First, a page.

Hagiographies: A Series
by Rosario Margate
for Elena Gonzales Melinger
HAG #1: Agnes
During the island’s many regular blackouts I watched Agnes play with lit candles. I am not a bad mother. The flames split before her; they always have. It was as if she could sculpt fire. Her first word was No. She refused to have her hair cut so I let it be. Somehow even the stray strands would not ignite. Her inky hair grew to her knees. I asked again and still she said no. Years have passed and she is now a dalaga.
When she gets home from school she takes off her uniform, undoes the coils of braids on her head, and lets a curtain of crimped hair cover her. My feral daughter. My noncombustible child. Her skin darkens anyway. Batang araw. She gets it from me. She has my color, my eyes, my teeth, my reputation, my lucky left hook. Her beauty is an accident she ignores; her intelligence is that of a sleepwalker who never trips, never falls. She spends the afternoons inspecting our garden and does her homework at night. She can tell me a month in advance what date the roses will start blooming. We grow them to offer to the Virgin Mary on feast days.
Do you love your mother? I ask her one night.
No, she says.
Will you love someone else?
Do you ever get lonely, anak?
She takes a moment, as if to consider what loneliness could be, then smiles:
I feel strangely proud. When the men find my Agnes, as they do with anyone who is not like them, I have no worries. Each one goes blind as soon as he sends a carnal glance her way. The ones that dare touch her recoil, scalded, palms burnt. I taunt the worst offender, caught trying to sneak into our yard. He has rope and a knife on him. The bandanna he masked his face with now only slightly muffles his sobs. He should be grateful that the last thing he saw was her. I tell him, Here’s something else you will never see: my daughter, afraid.
Agnes is already back inside, lighting candles.
HAG #2: The Incorruptible
If you would like to open up my thorax and take a rib, please do. They are fragrant and cure many ills. My liver is clean and supple, and the muscles of my heart still fibrous. If these are too cumbersome, you may have these vials of my blood to wear around your neck like rubies. So convenient. Take them, take them. Cut my hair to keep as a memento. Go ahead, before it grows too much and fills my glass casket again. Strung on an instrument and plucked, the strands will play hymns without regard to the player’s skill or talent, or desire for music. See my hands? One clutches the remains of a rose long dead, the other holds a quill, ready for dictation. Hold one, feel my nails dig into your palm. What you cannot have is my head. In life I was shot with arrows, dragged over coals, tied to an anchor and thrown in the river, but never beheaded. Don’t start now. My head I will keep with me until the resurrection. And my feet, which I have always liked for their long, flexible toes. Lids still cover my eyes, delicate as bats’ wings. Underneath them my brown eyes are rolling. Are you done?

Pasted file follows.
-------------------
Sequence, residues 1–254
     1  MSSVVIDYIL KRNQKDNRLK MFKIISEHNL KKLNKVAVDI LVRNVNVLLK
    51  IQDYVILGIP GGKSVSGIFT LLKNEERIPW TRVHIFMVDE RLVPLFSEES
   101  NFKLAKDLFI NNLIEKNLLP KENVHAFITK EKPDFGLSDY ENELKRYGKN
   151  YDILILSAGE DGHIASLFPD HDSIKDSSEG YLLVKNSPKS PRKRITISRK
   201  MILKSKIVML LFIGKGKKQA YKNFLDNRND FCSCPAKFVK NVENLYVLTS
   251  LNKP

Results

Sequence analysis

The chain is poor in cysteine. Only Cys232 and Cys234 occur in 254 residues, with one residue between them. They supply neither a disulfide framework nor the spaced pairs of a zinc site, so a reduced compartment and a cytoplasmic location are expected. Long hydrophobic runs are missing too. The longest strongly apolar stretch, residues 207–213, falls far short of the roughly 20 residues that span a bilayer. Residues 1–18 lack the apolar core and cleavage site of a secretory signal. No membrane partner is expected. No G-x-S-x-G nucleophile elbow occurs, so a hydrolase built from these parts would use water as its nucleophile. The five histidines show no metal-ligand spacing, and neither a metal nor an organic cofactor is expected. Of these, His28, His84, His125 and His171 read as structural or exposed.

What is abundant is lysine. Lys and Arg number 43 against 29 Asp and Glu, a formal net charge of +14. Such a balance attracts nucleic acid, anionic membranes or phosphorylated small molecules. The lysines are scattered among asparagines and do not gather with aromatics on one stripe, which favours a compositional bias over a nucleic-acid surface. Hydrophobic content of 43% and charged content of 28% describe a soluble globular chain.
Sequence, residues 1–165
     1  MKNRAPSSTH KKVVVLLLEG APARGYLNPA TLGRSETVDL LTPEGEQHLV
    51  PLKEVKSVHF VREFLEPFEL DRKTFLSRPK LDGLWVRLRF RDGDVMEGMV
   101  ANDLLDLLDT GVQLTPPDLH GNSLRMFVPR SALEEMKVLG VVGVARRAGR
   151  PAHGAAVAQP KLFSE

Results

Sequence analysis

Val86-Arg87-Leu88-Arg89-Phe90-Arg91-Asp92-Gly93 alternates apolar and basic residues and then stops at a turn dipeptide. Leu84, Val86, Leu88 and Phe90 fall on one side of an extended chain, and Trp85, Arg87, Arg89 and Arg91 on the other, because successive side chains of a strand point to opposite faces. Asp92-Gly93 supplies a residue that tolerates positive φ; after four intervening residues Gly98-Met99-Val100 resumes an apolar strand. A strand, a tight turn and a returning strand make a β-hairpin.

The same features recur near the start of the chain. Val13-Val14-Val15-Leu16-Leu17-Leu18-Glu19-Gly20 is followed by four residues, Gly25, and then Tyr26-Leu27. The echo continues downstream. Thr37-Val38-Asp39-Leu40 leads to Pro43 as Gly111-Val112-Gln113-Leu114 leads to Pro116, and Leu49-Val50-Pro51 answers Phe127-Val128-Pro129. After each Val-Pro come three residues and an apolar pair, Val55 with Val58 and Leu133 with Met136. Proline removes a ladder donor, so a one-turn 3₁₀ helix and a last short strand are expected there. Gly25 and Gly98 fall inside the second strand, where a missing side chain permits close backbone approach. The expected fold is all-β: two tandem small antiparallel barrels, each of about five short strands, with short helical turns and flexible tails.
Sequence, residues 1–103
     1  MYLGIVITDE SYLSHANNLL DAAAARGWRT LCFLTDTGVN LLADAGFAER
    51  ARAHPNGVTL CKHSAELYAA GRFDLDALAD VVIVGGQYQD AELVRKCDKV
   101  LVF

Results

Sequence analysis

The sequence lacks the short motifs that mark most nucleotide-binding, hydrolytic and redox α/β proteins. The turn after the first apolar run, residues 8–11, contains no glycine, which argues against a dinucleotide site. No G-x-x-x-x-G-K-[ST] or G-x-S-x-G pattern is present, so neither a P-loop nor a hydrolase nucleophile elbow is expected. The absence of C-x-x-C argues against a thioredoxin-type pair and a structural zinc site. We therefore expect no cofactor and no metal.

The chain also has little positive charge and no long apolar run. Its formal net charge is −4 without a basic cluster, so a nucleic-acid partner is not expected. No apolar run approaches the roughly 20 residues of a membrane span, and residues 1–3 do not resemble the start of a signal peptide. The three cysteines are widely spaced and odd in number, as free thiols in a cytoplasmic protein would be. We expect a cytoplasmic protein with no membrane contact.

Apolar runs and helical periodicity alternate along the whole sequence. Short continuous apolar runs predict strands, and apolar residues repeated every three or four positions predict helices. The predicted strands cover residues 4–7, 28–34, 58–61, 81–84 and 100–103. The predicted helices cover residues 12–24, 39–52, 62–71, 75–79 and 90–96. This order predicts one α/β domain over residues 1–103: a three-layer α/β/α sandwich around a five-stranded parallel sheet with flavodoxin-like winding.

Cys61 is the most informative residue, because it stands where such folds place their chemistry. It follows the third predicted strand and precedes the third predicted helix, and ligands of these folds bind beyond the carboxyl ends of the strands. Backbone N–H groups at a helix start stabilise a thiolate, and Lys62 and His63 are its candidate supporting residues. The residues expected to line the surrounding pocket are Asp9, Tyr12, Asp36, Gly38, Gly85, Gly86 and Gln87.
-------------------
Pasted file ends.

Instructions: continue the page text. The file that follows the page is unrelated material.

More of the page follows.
HAG #3: Inés
Everything around me is decadent: the church's high, arched ceilings, the guilded putti, the sickly-pale statues in embroidered robes, the frescoes of saints smiling in rapture as persecutors chop off a hand or stir them into vats of boiling oil. The altar chokes with precious metals and gems, taken from everywhere in the world there were brown people like me. Inside a reliquary, the arm of an incorruptible. I take it all in like food, but it makes me hungrier. The high-waisted pencil skirt I'm wearing is only for skinny days. I haven't eaten and I wanted to look fancy.
I am not a fancy lady. Not really. I go back to the hotel, this beautiful box I scammed for a week. It’s seriously a palazzo or something. Just being in it makes me want to fuck. Yes, I am aroused by baroque architecture, by dappled sunlight pushing in through the blinds at that angle that refracts the colors in it, makes anything look expensive and everyone look loved. I peel the skirt off and masturbate to the lazy kiss of the ceiling fan. Later, starving, I change into a more forgiving silk dress. A recent trick gave me a book to read. Keats, since I’d said I was going to Rome. La Belle Dame Sans Merci, that kind of corny shit. I read the book anyway, over a dinner alone with many small plates and a bottle of Montepulciano, feeling smugly full in the city where this frail white man wasted away. Whatever. Would probably bang if he wasn’t tubercular and of course dead.
The golden hour light makes the skin on my fingertips translucent. I lift a slice of bruschetta to my face and realize I haven’t washed my hands. The scent is musky with a bleached, alkaline note. Clean.
Rosario Margate is an MFA graduate student the University of Houston. She was born in the Philippines, raised in the Northern Marianas, and is from Houston.